Sgt. Pepper meets Selassie |

Sgt. Pepper meets Selassie

Kristina Eastham, Record contributing writer

Some people translate great works of literature into a different language. Michael Goldwasser translates great musical albums into reggae. Not a simple task when you look at his body of work.

It took nearly four years for Pink Floyd’s Dark Side of the Moon to be turned into Dub Side of the Moon in 2003. Then, Goldwasser and the Easy Star All-Stars took on Radiohead, transforming OK Computer into Radiodread.

"We’re trying to do somewhat of a service to reggae music by turning more people onto it," Goldwasser said. "It’s a lot of cross pollination between groups of people and styles of music." To him, reggae is an under-appreciated form of music, so he is "trying to really widen people’s ideas about what reggae is."

Most recently, The Beatles have taken a trip even they couldn’t have imagined, as the Easy Star All-Stars released Sgt. Pepper’s Lonely Hearts Dub Band in April. Next Sunday, July 12, the touring version of the Easy Star All-Stars will bring the Lonely Hearts Dub Band to life on stage during the second day of the Roots Rock Reggae Festival at the Newpark Amphitheatre.

Goldwasser’s journey, from the "Dark Side" into the "Sky with Diamonds," originated with his love for music, including reggae and the works of Pink Floyd, Radiohead and The Beatles. He and his business partners founded Easy Star Records in 1996 as a way to bring reggae back to its roots of the 1970s by "using live musicians and vintage recording techniques."

Goldwasser got started on Dub Side of the Moon simply to answer the question he and partner at Easy Star, Lem Oppenheimer, had as to whether or not they could do a reggae version of Pink Floyd.

Recommended Stories For You

"I wrote up a few quick arrangements of a few of the songs to see if it could work and we thought, ‘You know, this could really work,’" Goldwasser said. "Once that [album] met with a lot of critical acclaim and a great response from fans and it was selling pretty well, we realized we wanted to put a band on the road to be able to perform it live."

Starting out as a singer and songwriter in New York, Goldwasser knew most of the musicians in the reggae scene and was able to select, literally, an all-star cast for the touring band, which has changed somewhat over the years but will have the same core of members for their show in Park City.

"I’m still a musician but I don’t tour with the band anymore because I would rather focus my energies on making these records. I spent almost a year and a half on this last album," Goldwasser said.

After playing back-to-back-to-back shows at the Glastonbury Music Festival in England, Goldwasser said he knows the band can handle, and liven, the crowd at the Roots Rock Reggae Festival. When they could perform an album in its entirety the live show could flow with more consistency. Now the band performs songs from three different cover albums as well as original tracks from the band members.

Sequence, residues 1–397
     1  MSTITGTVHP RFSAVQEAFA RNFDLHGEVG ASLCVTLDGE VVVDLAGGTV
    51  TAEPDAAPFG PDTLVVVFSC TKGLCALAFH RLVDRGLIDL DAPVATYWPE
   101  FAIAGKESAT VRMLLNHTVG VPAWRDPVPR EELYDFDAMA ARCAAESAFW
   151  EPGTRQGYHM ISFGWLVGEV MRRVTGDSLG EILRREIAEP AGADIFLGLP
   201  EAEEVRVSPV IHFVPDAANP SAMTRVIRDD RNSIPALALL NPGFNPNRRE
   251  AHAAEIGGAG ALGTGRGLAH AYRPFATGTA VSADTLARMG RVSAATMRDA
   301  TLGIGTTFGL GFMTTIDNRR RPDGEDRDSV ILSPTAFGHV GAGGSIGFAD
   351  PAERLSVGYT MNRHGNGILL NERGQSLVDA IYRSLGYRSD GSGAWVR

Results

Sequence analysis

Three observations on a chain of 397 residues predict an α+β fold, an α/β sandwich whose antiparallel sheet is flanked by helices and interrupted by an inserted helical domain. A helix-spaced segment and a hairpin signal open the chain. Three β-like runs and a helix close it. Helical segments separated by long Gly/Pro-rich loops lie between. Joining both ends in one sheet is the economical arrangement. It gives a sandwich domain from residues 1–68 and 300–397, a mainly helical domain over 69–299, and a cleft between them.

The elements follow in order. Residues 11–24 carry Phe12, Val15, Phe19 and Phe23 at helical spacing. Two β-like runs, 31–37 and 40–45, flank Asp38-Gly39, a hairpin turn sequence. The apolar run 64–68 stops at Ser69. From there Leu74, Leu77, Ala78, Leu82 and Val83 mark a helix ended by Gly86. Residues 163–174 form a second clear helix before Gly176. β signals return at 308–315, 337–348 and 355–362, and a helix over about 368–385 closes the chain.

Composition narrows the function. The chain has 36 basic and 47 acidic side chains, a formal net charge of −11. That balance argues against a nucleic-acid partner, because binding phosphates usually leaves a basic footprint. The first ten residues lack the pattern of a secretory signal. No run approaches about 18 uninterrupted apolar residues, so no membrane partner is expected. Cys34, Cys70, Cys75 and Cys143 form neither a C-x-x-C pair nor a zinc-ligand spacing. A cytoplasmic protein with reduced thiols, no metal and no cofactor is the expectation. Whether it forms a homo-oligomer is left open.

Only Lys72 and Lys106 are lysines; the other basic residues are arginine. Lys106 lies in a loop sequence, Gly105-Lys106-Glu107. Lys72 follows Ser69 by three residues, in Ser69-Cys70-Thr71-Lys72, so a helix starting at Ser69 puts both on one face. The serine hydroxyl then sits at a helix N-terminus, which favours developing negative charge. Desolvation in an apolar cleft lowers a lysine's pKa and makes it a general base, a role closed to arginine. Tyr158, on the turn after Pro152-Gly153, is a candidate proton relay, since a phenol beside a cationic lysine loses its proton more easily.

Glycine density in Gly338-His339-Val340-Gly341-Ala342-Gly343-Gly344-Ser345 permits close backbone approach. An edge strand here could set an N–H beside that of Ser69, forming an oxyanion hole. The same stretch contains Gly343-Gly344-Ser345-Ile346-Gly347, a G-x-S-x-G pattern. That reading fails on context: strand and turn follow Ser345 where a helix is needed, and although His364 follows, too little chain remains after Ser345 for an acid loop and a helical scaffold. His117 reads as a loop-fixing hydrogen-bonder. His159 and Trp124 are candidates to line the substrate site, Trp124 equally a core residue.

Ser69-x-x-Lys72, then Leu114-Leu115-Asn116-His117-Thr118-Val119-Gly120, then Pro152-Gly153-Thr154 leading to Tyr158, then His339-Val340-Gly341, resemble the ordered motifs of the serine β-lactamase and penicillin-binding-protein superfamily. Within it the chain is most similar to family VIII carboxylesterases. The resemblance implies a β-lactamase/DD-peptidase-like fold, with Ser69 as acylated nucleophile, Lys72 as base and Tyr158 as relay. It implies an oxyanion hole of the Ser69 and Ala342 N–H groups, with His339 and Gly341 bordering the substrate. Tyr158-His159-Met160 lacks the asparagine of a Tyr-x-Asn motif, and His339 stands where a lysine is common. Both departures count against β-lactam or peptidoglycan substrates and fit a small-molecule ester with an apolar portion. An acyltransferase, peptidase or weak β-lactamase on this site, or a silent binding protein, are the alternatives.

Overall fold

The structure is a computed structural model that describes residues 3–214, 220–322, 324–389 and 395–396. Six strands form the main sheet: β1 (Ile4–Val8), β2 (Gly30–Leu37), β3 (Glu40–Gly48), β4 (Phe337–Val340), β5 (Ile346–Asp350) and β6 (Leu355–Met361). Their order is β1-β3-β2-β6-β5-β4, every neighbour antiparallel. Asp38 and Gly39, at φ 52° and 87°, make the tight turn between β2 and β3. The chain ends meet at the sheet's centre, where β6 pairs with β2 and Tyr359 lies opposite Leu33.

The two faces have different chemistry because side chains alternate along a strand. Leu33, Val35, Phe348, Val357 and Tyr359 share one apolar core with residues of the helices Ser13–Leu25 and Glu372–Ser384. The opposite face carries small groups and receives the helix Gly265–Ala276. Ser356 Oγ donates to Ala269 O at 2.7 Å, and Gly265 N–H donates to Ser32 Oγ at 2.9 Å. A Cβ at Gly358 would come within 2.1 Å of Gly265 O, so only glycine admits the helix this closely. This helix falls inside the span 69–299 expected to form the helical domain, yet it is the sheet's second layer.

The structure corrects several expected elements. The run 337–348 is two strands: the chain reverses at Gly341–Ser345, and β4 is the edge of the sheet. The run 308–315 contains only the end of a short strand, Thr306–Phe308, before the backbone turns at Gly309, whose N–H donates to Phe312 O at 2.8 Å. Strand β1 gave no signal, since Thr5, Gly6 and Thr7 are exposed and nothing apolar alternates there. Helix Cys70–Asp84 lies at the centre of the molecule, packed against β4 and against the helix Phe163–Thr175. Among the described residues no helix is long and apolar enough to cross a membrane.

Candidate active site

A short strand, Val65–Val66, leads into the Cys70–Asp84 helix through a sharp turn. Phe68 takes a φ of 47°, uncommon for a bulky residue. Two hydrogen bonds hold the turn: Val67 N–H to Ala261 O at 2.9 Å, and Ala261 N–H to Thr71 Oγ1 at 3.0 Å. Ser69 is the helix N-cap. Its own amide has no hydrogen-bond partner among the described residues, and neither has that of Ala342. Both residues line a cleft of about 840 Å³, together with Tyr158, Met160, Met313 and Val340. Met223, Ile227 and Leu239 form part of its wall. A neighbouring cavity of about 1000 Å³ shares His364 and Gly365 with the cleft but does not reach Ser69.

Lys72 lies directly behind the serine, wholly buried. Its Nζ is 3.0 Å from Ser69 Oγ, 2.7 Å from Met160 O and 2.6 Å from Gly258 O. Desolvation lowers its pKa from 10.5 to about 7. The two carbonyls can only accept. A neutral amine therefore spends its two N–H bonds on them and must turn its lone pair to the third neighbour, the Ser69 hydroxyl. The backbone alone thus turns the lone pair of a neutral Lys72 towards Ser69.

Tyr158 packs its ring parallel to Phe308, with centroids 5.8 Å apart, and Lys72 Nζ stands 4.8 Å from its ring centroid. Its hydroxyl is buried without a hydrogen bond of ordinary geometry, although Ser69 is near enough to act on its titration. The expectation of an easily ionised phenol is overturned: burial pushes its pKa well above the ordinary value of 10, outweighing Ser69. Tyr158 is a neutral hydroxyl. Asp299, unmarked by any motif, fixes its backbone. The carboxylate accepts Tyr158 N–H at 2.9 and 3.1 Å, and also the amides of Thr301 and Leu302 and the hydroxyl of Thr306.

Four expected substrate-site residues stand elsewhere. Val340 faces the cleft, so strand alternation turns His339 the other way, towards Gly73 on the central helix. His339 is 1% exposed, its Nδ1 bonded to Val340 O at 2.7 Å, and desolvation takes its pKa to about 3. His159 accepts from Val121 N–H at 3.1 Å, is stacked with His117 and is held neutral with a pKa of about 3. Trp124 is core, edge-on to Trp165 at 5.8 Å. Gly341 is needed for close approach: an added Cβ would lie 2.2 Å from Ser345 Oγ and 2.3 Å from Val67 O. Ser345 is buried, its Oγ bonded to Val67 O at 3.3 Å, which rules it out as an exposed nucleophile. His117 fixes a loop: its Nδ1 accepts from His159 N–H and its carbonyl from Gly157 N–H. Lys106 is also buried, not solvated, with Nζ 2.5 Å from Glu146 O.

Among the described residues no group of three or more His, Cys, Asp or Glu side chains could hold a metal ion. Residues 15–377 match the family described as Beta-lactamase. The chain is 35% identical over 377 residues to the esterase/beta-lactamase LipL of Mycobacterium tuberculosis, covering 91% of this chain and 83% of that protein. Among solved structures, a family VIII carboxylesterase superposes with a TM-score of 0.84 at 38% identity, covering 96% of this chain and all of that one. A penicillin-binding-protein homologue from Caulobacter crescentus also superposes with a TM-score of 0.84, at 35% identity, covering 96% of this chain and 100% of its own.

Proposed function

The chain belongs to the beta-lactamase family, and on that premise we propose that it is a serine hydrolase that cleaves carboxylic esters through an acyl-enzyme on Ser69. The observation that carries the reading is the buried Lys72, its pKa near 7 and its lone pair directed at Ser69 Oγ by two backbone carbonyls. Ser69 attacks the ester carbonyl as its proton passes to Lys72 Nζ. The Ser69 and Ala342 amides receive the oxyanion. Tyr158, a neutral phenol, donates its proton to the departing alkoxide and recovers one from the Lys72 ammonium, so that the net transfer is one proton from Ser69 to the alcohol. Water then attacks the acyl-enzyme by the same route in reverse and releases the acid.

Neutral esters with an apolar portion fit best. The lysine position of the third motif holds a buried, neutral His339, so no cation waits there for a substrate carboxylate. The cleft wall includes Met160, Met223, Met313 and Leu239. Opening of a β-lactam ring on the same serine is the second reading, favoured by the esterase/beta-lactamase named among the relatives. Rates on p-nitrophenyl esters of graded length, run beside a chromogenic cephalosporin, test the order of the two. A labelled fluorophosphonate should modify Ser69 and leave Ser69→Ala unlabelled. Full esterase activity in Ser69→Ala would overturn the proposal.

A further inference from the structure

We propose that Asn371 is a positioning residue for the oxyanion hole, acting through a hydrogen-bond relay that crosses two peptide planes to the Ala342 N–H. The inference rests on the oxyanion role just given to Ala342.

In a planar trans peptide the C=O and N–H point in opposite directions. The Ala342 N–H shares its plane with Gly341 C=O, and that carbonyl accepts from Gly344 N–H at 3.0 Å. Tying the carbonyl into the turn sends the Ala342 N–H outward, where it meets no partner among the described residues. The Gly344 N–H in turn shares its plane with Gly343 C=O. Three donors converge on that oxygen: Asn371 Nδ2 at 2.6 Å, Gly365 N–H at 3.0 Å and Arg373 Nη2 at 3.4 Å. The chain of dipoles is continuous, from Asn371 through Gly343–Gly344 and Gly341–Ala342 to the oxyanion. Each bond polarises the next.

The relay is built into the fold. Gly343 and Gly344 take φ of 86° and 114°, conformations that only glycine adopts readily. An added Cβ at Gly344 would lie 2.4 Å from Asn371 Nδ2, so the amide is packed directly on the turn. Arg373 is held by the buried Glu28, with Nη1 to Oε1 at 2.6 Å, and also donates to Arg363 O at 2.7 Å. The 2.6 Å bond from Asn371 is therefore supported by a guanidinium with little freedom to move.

"[We] just try to find a good flow where it won’t be too jarring that we’re doing these songs from different albums. But it’s all united by the vibes of the live band and the reggae philosophy from the band," Goldwasser said.

Goldwasser was attracted to reggae from a young age because of its philosophies.

"A lot of the great reggae from the ’70s dealt with issues of trying to correct society’s ills or injustices or criticizing figure of authority when they’re not doing things correctly," he said.

The albums they have chosen to transcribe into the reggae style are all concept albums. He said that listening to an album in its entirety is important and "really a visceral thing" and with the replacement of vinyl with CDs and digital music, the album as a whole has lost its importance. They have chosen concept albums that "would be cohesive and have an overall vibe to them so people would want to sit down and listen to an entire album."

Goldwasser said that in keeping with the concept album theme, they would eventually have to tackle the pop-infused Sgt. Pepper’s, what he calls "the mother of all concept albums" to prove themselves. The albums also have some themes that were consistent with the traditional attitudes of reggae and fit in with the Easy Star vibe.

"[The] early stuff with Easy Star touched on a lot of political and social themes. With these tribute albums, it’s a little different. We can’t change the lyrics but some of them really do make sense in the reggae context."

Without being able to change the lyrics, Goldwasser said he starts the process of translating an album to reggae with a lot of listening. Then he starts writing arrangements and demos in his home studio, starting first with the strength of the reggae bass line.

"A good reggae bass line has a certain feel and it moves in a certain way musically," he said.

Then he includes one of the many distinct reggae drum patterns, before adding the "skank" of the piano and guitar rhythms that play on the two and four of each bar. After adding an organ and horns, he allows the vocalists to "reinterpret these songs with their reggae sensibility" or what he calls a "natural reggae filter."

The result is a completely different product from the original that has managed to bridge the gap between rock and reggae and hopefully bring more people to the under-appreciated genre that is more than just music for the islands.

The Easy Star All-Stars will bring their reggae interpretations of The Beatles, Pink Floyd and Radiohead to the mountains on Sunday, July 12 during the Roots Rock Reggae festival at the Newpark Amphitheatre. Gates open at 11:30 a.m.